Tuesday, February 8, 2011

First post--by me


I created this blog to alert you about a tax book we published that includes many short cuts for the small business. 

Initially this book was called Your Home-Based Business Tax Solutions, but we changed it to be more descriptive:  Short Cuts for Business Guide

This book is a Kindle book so you can find it on the kindle page, at an address described later. 

Here is one chapter from this book, to give you an idea of what is in it.  Here is Chapter 5 from this great book:

Chapter 5


One of the most asked questions:  If I use my home as my office, what can I deduct on my tax return?

Three examples
1.    Using a bedroom (NO, if anyone sleeps there)    
2. Using a converted garage (YES, if no other use is made of that garage)
3.  Using your kitchen table. (NO, if you eat meals there)

To do so you must meet two standards or rules.    
1.    The place must be your principal place of business – that means that you have no other office you go to regularly.

2.    The office in your home must be used exclusively and regularly for your business.
·        That is, it is a place where you work only on your business matters.
·        It is a place where clients and customers can come regularly to see you and conduct business.
·        It can be a part of your current home or a separate structure like a converted garage or shop.
·        If you just store inventory, then you still can get the deductions.  It must be a place that is used to store that inventory and nothing else.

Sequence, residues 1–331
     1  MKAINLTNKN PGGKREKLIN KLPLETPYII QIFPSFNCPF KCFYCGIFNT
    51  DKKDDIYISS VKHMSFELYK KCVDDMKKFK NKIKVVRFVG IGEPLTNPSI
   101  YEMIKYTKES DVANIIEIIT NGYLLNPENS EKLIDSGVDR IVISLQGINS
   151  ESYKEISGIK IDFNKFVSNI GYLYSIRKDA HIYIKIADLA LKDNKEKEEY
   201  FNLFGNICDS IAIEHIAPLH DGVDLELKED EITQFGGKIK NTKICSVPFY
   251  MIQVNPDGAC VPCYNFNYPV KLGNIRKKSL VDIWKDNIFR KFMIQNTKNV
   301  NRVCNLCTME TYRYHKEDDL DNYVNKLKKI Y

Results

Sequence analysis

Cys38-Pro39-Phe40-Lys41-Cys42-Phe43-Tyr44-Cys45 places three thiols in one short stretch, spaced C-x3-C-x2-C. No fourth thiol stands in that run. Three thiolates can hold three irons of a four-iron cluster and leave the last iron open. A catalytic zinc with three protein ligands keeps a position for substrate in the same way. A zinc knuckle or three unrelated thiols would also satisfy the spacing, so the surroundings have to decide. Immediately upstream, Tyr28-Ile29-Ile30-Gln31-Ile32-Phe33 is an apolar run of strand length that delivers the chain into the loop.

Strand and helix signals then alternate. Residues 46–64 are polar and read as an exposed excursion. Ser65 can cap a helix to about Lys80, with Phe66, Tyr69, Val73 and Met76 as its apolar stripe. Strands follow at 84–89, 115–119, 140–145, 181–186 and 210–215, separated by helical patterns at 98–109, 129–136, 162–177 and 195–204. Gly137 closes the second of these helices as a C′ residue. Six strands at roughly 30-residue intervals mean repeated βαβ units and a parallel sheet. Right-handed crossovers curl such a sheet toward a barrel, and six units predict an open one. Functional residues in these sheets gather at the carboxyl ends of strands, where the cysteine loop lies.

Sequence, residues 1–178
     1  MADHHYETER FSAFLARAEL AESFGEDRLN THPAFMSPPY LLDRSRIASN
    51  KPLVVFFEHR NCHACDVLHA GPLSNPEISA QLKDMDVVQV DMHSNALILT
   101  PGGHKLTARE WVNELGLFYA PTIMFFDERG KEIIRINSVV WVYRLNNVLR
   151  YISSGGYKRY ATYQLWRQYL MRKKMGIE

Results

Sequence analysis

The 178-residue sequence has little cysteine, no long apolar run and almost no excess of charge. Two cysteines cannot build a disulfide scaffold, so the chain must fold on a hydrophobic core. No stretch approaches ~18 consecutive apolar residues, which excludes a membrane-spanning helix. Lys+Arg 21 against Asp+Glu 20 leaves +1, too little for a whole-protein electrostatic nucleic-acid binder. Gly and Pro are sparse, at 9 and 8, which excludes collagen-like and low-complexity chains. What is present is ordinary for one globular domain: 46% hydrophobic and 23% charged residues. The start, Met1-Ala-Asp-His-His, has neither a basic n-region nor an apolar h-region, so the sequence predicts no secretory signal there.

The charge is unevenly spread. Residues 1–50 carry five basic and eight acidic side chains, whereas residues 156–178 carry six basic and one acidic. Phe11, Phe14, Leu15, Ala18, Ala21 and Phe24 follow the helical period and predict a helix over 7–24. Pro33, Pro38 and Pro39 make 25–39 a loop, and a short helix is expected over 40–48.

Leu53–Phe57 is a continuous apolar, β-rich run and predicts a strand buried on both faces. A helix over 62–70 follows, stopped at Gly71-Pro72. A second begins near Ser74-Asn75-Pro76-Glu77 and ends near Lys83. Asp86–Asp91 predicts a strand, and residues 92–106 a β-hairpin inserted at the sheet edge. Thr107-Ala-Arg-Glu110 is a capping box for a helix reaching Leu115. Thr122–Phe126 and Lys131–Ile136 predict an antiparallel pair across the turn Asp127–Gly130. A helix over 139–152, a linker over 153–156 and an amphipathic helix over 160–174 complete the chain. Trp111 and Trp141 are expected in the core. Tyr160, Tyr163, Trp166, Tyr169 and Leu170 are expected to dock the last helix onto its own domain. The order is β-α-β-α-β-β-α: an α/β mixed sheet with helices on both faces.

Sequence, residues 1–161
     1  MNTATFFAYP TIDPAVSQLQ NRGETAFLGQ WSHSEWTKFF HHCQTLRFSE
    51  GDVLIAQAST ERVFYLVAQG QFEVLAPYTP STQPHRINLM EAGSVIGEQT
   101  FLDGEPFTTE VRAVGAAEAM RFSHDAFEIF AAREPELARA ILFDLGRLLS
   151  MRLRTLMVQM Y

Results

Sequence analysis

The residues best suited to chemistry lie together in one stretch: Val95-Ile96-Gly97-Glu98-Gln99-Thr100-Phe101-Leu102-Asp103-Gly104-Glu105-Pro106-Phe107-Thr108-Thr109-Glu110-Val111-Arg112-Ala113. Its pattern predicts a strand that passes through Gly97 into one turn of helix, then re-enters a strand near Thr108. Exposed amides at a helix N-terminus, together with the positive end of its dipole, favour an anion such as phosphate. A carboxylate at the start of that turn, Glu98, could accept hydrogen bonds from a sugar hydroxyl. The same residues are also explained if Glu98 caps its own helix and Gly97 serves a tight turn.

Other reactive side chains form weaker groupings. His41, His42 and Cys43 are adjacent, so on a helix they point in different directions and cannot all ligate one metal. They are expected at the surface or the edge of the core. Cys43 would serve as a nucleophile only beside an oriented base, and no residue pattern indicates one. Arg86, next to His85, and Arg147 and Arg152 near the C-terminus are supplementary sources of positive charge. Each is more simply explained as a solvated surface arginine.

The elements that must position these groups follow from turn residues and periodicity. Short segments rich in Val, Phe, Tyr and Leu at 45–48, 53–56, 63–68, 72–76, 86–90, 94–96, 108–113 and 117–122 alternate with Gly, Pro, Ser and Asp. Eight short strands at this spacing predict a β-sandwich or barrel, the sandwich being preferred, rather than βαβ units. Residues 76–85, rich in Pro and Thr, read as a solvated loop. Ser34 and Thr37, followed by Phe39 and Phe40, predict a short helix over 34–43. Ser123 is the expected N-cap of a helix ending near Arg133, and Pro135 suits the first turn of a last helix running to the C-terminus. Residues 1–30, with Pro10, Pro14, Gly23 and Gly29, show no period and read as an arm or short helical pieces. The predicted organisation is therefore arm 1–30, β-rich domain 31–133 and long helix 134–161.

·        It is wise to have the blue prints of your home available so you can designate on them the corresponding physical area.

If you meet these rules, then you can set up a depreciation schedule for your office equipment like your computer, fax machine, copier and phone.  All your office equipment is 100% deductible.

The carry forward rules apply if you have a tax loss for the year.

Protect that deduction by having a separate phone for the office and displaying that phone number on your business card.

Have your clients or customers sign a guest book or log every time they come to see you.

Keep track of your own time by using a log that accounts for your time every six minutes (1/10 of an hour).

Once you set up your office in your home take some pictures of it and preserve those pictures in an office file.

This book is for sale on the Kindle page for $5.99.  This book is especially helpful this time of year. 

Here is the address on the Kindle page for you to find this book:


Like I told you this is an excellent book for you to read. Not written in the legalese of lawyers nor the convoluted language of most CPA's.  Instead you will find this book written in the easiest of the English language. 

This book is great for the small business owner as well as the person filing income tax for himself or herself. 

Steven Schwindt Publishing